The controversial views of the Remonstrant party eventually prompted a meeting of Reformed theologians and ministers to consider a counterstatement. This convocation gathered in the Dutch city of Dordrecht or Dort for its first session on November 13, 1618. Eighty-six delegates representing five countries attended. French Huguenot delegates had been invited, but were unable to attend owing to pressure from their government. The French were represented by empty chairs left open in their honor. Countries represented at the Synod included Holland (the Dutch Republic), Germany, Switzerland, and Great Britain. Delegates from the Belgic churches of the southern Netherlands were also present. The Synod met for a total of 154 formal sessions. Deliberations were also held in informal meetings and smaller formal conferences. The final session of the Synod was held on May 9, 1619.
The primary task set before the delegates at Dort was to craft a Reformed response to the Remonstrant petition of 1610. The Remonstrant petition or Remonstrance specifically addressed five areas of doctrinal concern. Article one of the Remonstrance stated that God had determined to save those who would believe in Christ and persevere in faith. The second article set forth the Remonstrant view that Christ had died for the sins of the whole world, not just the elect. Article three of the Remonstrance unequivocally stated that the new birth was an absolute necessity to liberate the will of humanity. Without the grace of God, neither salvation nor righteous living could occur. This third article was a strong refutation of the misunderstanding propagated by some critics that the Remonstrants were willing to dispense with Christ. Article four of the Remonstrance advanced a controversial challenge to conventional Reformed theology. While grace was absolutely necessary for salvation and sanctification, the Remonstrants did not believe that God's grace was irresistible. God's creatures had the option to say no when prompted by the Spirit. The fifth and final article of the Remonstrance argued that while God does indeed promise that he will not take salvation from his children, they can themselves choose to step away. The Remonstrants actually stated that the issue of the saint's perseverance “must be more particularly determined out of the Holy Scripture, before we ourselves can teach it out of the full persuasion of our mind.” The assertion was more a proposition of doubt than an absolute declaration that perseverance was not true.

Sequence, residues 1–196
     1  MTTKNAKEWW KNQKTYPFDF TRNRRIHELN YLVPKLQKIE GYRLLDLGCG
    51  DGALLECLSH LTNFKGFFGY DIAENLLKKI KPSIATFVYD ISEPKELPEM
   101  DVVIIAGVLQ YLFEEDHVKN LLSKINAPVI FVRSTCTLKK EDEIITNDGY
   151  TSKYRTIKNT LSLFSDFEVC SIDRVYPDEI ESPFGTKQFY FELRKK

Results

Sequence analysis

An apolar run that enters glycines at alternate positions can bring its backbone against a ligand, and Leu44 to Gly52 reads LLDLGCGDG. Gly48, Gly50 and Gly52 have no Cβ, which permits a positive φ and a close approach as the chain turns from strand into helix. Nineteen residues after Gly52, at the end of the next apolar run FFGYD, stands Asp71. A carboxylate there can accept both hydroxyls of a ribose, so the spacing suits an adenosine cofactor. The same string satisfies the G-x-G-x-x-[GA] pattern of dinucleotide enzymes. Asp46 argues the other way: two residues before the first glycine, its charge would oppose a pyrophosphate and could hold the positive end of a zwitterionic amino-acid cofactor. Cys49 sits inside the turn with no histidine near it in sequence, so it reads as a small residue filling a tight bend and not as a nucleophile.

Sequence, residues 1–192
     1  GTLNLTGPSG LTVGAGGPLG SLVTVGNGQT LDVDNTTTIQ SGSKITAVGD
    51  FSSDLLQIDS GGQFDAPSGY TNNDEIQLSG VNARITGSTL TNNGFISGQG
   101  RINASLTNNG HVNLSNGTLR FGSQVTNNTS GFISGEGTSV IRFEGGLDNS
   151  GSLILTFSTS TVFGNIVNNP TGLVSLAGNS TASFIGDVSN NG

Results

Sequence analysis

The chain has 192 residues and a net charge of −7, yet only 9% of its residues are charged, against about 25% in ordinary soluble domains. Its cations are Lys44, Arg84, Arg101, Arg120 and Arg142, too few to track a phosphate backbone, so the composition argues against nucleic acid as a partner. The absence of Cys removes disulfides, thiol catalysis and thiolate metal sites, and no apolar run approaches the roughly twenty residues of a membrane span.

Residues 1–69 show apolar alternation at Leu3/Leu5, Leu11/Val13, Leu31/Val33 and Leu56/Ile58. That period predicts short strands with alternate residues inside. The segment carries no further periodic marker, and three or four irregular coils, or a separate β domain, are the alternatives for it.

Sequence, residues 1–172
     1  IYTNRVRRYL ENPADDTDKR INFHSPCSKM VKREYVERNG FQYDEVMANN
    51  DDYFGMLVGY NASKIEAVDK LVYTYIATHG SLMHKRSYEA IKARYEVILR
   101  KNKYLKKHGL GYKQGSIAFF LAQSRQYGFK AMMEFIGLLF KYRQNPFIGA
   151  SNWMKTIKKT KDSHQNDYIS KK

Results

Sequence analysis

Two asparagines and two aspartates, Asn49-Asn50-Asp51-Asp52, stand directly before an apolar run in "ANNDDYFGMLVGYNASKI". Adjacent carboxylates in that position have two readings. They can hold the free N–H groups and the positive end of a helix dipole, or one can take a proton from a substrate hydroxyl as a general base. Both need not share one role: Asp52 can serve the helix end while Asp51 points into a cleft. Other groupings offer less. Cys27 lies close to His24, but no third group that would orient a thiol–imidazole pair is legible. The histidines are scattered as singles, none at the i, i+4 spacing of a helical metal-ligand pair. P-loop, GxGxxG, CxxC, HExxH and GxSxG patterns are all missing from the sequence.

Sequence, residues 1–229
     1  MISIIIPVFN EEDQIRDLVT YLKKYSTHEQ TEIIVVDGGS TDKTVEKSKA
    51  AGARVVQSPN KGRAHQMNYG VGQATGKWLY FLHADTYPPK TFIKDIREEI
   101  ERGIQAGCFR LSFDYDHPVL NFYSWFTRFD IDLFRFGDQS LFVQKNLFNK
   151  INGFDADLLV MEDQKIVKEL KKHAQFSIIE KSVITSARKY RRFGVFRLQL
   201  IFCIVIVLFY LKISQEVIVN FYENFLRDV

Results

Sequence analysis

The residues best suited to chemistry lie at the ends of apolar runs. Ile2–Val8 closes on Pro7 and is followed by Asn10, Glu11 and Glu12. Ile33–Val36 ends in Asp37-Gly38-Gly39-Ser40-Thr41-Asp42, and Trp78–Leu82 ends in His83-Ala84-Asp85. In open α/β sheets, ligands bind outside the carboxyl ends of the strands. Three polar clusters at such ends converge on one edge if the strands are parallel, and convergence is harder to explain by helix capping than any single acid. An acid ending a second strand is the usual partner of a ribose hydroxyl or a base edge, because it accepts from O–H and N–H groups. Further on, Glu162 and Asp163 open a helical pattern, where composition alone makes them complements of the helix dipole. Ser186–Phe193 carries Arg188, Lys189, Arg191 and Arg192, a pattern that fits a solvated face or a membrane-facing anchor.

Many people who are familiar with the five points of Calvinism today are not aware that they were first proposed as an answer to the Remonstrance. The “Five Points” were not intended to be a comprehensive statement of Reformed theology such as the Belgic Confession or the Westminster Confession of Faith. They were a summary of Reformed theology crafted to answer specific objections raised by the Remonstrants. This purpose shaped the manner in which the Canons of Dort were drafted as well as the issues they addressed.